Museum of History acquires massive collection of Leafs memorabilia

From left to right : Jean-Marc Blais, director general of the Canadian Museum of History, Dr. Jenny Ellison, Curator, Sport and Leisure, Debra Thuet and Mike Wilson. Photo: Canadian Museum of History.

While for some hockey fans, it might be hard to imagine anything about the Toronto Maple Leafs being historically significant, but it is, in fact, true, especially in this 100th anniversary year of the NHL and the franchise.

At least the Canadian Museum of History and the Canadian Cultural Property Export Review Board believe it to be the case for the collection of Leafs memorabilia accumulated over the years by Torontonians Mike Wilson and Debra Thuet.

The museum has announced the acquisition of the collection which holds more than 1,700 items, including pieces connected to legends Wayne Gretzky, King Clancy, Paul Henderson, Tim Horton and Conn Smythe.

King Clancy’s World Champion Stanley Cup Puck (1931–1932).
This puck commemorates King Clancy’s first Stanley Cup win with the Toronto Leafs, and the team’s first Cup after moving to Maple Leaf Gardens. Clancy kept this puck as a souvenir. Collector Mike Wilson purchased it from Clancy’s family, and it has never before been publicly displayed. Photo; Canadian Museum of History.

Wilson has been collecting for half a century. His dedication has earned him the nickname  The Ultimate Leafs Fan.

“Every item in this collection has a story to tell about the history of ‘Canada’s game’ and hockey’s singular place in the hearts and minds of Canadians from coast to coast to coast,” said Jean-Marc Blais, the museum’s director general, in a media release.

The cultural property board says the collection has “outstanding significance and national importance.” Included are pieces of players’ equipment, trophies, paintings, pucks, sculptures and items linked to the former Maple Leaf Gardens — including the door that hung at the entry of the home team’s dressing room from 1931 to 1999. There are also hockey cards, books, calendars, photos and memorabilia. In all there are more than 1,250 artifacts associated with the Leafs. There are items linked to such things as the Canada Cup, other Canadian teams and the NHL. The museum believes this collection will help it explore the place of the game in Canadian history.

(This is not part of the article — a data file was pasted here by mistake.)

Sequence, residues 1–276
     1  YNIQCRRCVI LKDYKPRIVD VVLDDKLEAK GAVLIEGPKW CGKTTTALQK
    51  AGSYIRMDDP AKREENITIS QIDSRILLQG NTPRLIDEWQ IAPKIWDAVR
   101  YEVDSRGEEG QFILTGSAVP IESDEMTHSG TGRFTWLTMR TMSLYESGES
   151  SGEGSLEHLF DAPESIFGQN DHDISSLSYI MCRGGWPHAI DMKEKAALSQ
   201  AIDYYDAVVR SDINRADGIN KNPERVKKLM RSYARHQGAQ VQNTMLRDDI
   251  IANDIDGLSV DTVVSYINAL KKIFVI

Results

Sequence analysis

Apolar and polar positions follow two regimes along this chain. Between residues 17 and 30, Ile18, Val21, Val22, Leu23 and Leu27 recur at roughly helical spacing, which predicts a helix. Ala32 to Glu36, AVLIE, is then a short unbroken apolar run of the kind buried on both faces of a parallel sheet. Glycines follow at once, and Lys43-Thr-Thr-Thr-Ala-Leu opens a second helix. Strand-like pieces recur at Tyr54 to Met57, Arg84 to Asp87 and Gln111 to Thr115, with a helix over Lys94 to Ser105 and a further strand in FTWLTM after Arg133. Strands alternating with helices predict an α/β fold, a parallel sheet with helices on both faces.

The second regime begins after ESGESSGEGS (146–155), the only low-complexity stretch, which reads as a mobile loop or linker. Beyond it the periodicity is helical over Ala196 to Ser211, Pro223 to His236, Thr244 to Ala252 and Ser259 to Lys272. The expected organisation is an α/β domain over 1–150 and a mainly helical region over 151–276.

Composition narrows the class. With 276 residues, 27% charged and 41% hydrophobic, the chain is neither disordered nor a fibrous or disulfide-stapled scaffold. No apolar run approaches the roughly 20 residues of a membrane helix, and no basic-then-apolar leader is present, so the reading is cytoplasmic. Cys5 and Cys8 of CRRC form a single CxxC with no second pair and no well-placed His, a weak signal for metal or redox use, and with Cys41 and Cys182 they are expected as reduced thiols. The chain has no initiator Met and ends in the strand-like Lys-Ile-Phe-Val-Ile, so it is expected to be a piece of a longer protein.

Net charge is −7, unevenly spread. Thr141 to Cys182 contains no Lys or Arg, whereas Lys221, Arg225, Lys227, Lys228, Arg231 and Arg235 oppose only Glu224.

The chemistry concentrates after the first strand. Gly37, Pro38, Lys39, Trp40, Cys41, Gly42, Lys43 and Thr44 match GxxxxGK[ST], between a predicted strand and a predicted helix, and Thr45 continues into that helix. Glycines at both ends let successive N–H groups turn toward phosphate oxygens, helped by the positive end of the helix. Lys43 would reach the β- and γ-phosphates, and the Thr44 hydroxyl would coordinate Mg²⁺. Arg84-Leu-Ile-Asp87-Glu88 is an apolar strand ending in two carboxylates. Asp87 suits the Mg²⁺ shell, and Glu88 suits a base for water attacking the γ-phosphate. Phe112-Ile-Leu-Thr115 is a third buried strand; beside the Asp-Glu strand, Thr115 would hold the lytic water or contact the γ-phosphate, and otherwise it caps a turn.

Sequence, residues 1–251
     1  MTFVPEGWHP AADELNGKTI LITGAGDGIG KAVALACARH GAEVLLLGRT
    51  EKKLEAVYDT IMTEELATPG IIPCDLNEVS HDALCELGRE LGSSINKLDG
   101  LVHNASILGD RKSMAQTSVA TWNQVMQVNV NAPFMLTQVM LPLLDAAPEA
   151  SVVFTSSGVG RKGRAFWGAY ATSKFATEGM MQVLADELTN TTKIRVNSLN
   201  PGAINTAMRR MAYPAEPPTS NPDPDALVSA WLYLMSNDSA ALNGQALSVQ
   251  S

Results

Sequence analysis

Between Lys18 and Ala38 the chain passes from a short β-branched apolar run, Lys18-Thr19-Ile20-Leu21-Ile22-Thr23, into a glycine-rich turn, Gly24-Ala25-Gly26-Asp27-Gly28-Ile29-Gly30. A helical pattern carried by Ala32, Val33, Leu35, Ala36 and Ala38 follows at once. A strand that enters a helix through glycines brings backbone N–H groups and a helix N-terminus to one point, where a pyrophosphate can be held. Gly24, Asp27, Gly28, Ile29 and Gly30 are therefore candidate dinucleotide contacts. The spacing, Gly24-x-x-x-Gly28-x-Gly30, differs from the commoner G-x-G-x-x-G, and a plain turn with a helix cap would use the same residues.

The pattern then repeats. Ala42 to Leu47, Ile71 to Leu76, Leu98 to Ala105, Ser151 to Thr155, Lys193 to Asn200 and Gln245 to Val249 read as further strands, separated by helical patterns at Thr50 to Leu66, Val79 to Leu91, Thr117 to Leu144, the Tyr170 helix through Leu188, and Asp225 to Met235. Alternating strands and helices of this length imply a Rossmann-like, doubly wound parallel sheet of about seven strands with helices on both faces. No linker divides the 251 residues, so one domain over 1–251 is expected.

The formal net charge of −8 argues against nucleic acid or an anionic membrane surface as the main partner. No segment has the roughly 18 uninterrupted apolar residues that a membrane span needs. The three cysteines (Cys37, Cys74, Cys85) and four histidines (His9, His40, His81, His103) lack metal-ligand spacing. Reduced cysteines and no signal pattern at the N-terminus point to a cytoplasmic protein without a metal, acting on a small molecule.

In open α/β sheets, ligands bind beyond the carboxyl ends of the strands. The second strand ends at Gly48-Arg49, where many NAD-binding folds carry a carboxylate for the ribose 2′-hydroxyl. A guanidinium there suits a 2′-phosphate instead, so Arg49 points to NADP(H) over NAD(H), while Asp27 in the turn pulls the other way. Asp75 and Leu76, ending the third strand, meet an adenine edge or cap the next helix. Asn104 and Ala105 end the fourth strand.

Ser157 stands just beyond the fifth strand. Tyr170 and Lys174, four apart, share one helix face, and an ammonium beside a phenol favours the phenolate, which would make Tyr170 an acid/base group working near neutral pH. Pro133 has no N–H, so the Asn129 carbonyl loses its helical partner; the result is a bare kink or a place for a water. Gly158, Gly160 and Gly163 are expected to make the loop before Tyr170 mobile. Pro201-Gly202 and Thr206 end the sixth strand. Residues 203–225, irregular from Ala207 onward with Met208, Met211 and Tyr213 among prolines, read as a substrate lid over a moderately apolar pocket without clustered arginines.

Usher’s Cap and Cardigan from Maple Leaf Gardens (1960s). Fans seeing a game at the Maple Leaf Gardens during the 1960s would have encountered ushers in this uniform.
Conn Smythe wanted the Gardens to be an elegant place to enjoy a hockey game. He particularly emphasized decorum in the “gold” section of the arena, where both men and women worked. For many years, only men worked in the upper levels, reflecting the expectation that fans in the “cheap seats” were not as well behaved. We do not know what section this uniform is from, unfortunately, but it appears to have belonged to a man. Photo: Canadian Museum of History

Wilson said, in the release, that he believes “hockey not only symbolizes Canada, but identifies us as Canadians.”

Wilson’s collection gives the museum one of the most important and and comprehensive collections of hockey artifacts in the country. Its collection also contains objects relating to players such as Jacques Plante, Maurice “Rocket” Richard and Hayley Wickenheiser.

Some of Wilson’s artifacts are part of the museum’s current show Hockey. Wilson will talk about his collection at the museum Saturday morning from 11 to noon.

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Peter Robb began his connection with the arts community in Ottawa in the mid-1980s when he was the administrator and public relations director of the Great Canadian Theatre Company. After a long career in journalism with the Ottawa Citizen where he served in a number of different posts he returned to the arts when he became the Citizen's arts editor.